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BAGHDAD: Chinese companies won bids to explore five Iraqi oil and gas fields on Saturday in a licensing round for hydrocarbon exploration that was primarily aimed at ramping up gas production for domestic use.

An Iraqi Kurdish company also took two of the 29 projects up for grabs in the three-day licensing round across central, southern and western Iraq, which for the first time includes an offshore exploration block in the country’s Arab Gulf waters.

Iraq aims to lure billions of dollars of investments to develop its oil and gas sector as it looks to ramp up local petrochemicals production and end imports of gas from neighbouring Iran that are currently key to producing power.

More than 20 companies pre-qualified for the licensing round, including European, Chinese, Arab and Iraqi groups.

There were notably no US oil majors involved, even after Iraqi Prime Minister Mohammed Shia met with representatives of US oil firms during an official visit to the United States last month.

Five bids were won on Saturday by Chinese companies.

Zhongman Petroleum and Natural Gas Group (ZPEC) took the northern extension of the Eastern Baghdad field, in Baghdad, and the Middle Euphrates field that straddles the southern Najaf and Karbala provinces, the oil ministry said.

China’s United Energy Group Ltd won a bid to develop the Al-Faw field in southern Basra, while ZhenHua won a bid to develop Iraq’s Qurnain field in the Iraqi-Saudi border region and Geo-Jade won a bid to develop Iraq’s Zurbatiya field in the Wasit.

Two oil and gas fields were taken by Iraq’s KAR Group - the Dimah field in eastern Maysan province, and the Sasan & Alan fields in Iraq’s northwestern Nineveh province - the ministry said.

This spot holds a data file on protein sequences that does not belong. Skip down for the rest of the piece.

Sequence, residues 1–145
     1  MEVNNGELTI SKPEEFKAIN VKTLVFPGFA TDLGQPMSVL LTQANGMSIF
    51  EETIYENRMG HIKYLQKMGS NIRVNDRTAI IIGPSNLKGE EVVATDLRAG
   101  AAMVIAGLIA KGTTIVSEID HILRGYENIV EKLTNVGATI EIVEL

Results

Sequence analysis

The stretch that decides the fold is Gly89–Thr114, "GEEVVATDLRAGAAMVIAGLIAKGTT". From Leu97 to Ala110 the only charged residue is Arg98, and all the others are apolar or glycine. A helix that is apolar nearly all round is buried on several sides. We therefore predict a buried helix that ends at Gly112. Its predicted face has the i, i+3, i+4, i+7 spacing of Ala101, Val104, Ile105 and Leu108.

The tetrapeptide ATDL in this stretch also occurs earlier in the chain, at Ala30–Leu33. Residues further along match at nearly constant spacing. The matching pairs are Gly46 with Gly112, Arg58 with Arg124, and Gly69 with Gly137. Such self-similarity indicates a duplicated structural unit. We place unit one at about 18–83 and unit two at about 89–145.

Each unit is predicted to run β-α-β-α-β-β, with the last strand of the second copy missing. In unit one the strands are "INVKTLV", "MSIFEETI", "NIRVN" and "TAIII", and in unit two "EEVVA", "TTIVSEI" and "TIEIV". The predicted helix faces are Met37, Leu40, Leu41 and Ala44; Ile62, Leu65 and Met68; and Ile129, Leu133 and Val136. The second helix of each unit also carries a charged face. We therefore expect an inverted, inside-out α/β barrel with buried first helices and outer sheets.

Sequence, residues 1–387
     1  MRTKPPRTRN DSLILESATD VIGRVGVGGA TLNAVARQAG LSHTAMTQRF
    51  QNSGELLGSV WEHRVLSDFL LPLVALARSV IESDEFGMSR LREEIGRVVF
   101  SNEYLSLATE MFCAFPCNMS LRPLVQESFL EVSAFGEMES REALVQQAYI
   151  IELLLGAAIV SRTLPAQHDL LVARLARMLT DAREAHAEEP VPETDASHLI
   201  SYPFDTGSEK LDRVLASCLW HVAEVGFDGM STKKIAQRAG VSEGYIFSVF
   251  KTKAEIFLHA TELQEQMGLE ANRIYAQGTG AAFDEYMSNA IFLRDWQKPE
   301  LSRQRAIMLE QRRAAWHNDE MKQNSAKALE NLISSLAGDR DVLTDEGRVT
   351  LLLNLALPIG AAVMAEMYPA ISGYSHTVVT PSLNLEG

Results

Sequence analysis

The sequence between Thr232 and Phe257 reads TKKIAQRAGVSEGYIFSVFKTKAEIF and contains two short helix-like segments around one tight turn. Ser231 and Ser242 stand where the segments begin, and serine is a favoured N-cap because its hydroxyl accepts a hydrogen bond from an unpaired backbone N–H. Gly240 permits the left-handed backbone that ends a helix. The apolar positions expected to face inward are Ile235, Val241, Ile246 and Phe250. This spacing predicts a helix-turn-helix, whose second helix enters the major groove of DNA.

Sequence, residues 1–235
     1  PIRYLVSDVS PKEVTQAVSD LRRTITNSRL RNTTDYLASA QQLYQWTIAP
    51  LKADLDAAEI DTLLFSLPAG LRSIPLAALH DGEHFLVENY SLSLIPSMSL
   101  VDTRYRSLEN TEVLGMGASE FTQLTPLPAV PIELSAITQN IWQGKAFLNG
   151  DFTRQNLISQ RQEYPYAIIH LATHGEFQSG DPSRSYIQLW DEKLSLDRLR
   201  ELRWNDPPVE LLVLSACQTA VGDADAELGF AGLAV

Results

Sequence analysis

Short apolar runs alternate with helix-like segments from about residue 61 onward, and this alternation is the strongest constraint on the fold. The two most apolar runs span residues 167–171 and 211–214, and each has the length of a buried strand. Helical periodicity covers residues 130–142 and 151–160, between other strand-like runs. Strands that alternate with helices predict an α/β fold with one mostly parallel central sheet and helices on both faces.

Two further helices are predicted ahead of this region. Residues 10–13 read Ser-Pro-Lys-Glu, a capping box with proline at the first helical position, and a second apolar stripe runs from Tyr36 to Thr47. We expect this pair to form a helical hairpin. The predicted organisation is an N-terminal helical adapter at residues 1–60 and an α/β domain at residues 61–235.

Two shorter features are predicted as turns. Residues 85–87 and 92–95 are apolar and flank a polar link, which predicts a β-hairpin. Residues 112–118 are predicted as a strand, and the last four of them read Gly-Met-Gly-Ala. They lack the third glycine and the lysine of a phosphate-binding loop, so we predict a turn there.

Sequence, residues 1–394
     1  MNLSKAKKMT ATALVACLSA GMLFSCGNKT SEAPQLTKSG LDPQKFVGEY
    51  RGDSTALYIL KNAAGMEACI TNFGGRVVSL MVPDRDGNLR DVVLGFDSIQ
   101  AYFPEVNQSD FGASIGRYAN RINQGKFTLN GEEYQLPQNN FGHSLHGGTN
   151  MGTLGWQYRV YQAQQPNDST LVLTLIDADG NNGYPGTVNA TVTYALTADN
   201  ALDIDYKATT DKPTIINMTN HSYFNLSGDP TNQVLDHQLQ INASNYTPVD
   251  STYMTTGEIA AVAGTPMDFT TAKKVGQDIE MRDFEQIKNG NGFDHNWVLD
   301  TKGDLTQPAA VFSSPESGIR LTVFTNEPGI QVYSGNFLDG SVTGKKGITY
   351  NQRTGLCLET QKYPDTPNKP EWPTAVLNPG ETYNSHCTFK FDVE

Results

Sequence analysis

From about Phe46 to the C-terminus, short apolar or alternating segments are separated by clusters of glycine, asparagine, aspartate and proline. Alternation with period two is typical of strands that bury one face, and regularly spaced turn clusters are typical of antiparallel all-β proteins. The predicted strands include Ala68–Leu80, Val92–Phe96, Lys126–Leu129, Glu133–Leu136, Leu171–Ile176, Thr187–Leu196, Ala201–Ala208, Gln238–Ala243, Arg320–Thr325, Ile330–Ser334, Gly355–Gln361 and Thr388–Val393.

Around 20 more projects are open for bidding on Sunday and Monday.

Falah Al-amri, the Iraqi prime minister’s advisor for oil and gas issues, said the government hoped the new projects would raise oil production to 6 million barrels per day by 2030 from around 5 million now.

The government also wants the projects to produce enough natural gas so that, along with plans to all-but eliminate gas flaring by 2030, Iraq could end imports.

“Its too early to talk about (gas) exports. We want to get self-sufficient,” Al-amri told Reuters.

Iraq, OPEC’s second-largest oil producer after Saudi Arabia, at one time had targeted becoming a rival to the Gulf Arab kingdom with output of over a tenth of global demand. But its oil sector development has been hampered by contract terms viewed as unfavourable by many major oil companies as well as recurring conflict and political paralysis.

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